Editor’s note: this guide applies to the first and second generation Sabre sailboats designed by Roger Hewson and sold from the company’s founding in the early 1970s through the early 1990s. The third generation of Sabres was designed by Jim Taylor and can be identified by their three number model name instead of a two number model name (for example the Sabre 362 is a third-generation Jim Taylor design, while the Sabre 36 is a second generation Roger Hewson design launched in the mid 1980s). Construction of the third generation boats differs slightly and so while many of these tips may apply, others may not. For example the Jim Taylor designed Sabres often had foam as opposed to balsa coring in their hulls.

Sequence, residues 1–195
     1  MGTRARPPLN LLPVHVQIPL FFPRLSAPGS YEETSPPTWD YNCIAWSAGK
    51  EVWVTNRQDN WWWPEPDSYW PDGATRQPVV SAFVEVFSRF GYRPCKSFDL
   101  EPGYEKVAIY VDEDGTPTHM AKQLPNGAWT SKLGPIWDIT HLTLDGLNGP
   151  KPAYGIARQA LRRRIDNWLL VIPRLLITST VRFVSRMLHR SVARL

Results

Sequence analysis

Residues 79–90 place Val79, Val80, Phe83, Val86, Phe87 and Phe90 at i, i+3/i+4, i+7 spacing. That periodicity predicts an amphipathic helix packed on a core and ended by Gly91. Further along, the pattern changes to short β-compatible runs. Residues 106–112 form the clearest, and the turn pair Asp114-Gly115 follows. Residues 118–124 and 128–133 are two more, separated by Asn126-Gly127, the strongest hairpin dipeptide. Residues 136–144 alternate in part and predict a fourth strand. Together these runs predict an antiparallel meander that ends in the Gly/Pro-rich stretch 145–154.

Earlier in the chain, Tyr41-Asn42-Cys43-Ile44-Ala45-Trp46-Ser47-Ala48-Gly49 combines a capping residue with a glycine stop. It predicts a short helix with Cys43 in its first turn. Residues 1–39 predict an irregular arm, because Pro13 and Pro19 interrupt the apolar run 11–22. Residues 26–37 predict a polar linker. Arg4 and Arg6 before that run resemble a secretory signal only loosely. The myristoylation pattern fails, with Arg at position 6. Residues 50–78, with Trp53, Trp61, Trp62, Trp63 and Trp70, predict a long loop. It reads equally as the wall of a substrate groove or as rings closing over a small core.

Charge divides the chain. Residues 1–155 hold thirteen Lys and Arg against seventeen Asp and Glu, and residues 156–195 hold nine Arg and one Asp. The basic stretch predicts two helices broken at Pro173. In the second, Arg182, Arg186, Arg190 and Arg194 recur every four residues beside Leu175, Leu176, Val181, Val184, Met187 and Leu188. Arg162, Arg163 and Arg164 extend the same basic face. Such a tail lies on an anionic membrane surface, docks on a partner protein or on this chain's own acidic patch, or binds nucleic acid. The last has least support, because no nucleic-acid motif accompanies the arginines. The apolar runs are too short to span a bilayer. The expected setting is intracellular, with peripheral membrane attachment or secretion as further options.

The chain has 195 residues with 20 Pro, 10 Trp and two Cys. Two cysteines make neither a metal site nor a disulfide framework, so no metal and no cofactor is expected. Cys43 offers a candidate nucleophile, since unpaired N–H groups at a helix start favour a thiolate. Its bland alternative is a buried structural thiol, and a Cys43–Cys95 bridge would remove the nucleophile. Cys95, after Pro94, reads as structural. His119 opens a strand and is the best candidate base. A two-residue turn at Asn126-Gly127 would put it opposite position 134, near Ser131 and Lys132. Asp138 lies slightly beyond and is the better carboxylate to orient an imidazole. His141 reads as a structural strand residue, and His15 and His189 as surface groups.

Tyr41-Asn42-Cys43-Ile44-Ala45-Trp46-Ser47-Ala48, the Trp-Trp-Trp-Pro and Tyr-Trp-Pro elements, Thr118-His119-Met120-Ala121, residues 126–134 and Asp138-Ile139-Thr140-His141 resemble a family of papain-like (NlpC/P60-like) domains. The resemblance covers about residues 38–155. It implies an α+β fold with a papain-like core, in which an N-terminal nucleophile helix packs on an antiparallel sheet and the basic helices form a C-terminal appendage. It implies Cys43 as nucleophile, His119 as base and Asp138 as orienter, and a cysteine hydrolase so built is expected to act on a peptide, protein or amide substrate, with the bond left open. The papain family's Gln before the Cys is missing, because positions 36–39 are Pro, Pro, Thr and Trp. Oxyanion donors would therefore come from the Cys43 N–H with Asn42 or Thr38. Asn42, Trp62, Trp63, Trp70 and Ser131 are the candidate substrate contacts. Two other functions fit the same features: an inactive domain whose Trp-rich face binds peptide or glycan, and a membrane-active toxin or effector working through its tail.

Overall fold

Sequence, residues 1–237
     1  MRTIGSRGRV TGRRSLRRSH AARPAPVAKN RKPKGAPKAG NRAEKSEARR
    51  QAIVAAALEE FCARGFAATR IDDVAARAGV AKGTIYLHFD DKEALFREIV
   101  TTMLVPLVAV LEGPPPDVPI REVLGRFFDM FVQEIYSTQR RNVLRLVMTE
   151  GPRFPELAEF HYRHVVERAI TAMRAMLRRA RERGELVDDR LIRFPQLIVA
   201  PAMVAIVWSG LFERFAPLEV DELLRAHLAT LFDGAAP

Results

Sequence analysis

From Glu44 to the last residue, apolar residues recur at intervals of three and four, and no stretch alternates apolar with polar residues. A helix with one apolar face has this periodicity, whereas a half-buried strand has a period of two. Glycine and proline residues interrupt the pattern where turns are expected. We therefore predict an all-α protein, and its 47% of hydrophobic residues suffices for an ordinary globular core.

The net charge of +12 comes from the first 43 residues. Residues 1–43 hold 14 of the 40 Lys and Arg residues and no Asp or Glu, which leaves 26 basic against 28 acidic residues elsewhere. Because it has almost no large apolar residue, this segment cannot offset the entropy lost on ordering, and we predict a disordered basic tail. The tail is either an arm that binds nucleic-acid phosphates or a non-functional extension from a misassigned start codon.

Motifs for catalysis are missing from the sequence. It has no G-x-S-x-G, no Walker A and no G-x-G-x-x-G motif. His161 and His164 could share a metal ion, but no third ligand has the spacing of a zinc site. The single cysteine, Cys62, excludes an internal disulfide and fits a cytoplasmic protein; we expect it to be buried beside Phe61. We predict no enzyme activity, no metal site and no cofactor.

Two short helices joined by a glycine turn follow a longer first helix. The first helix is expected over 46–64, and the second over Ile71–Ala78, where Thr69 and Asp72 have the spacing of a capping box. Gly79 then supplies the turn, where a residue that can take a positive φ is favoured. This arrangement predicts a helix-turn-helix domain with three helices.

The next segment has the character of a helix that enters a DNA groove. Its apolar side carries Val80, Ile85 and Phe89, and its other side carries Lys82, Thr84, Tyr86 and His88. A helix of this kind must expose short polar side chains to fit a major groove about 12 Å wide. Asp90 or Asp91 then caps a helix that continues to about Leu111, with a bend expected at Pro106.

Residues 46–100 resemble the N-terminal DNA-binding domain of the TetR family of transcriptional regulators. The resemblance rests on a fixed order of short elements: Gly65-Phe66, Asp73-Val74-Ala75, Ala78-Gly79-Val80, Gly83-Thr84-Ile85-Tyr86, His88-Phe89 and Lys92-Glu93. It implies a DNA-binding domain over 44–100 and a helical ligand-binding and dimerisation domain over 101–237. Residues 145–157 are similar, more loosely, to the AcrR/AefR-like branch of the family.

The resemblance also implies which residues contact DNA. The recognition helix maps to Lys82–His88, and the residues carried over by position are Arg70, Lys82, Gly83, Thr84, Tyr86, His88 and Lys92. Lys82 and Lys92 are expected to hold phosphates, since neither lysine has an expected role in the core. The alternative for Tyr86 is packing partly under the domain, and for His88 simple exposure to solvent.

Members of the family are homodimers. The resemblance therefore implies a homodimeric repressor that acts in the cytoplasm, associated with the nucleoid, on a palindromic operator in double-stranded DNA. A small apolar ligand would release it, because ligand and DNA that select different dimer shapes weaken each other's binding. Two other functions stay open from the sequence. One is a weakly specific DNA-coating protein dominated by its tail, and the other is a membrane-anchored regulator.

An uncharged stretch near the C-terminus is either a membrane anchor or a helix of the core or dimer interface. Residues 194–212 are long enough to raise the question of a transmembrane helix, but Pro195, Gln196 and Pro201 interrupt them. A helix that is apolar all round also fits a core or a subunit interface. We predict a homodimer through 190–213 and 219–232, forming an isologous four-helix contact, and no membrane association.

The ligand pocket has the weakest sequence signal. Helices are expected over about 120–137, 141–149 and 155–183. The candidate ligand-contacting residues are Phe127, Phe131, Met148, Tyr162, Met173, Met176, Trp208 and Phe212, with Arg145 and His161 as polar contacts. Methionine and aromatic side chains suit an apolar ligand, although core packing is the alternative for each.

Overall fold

During our four years restoring Sabre 42 #57 we learned heaps about how the boats are built and what to look for when we shop for our next Sabre sailboat (which are very likely to do after our ‘long’ cruise on the bigger boat). As a result of our blog, we also met several other Sabre owners online and picked up additional tips and tricks as a result of their experiences. We thought it would be fun to write an article enumerating our Sabre-specific learnings. We will deliberately avoid covering very generalized brokerage boat buying tips beyond saying that the standard guidelines apply to Sabres as well as other brands. For example most of these Sabres have balsa cored hulls and decks, and so surveyors should be careful to check for wet or rotten core on Sabres just as they should for any other boats.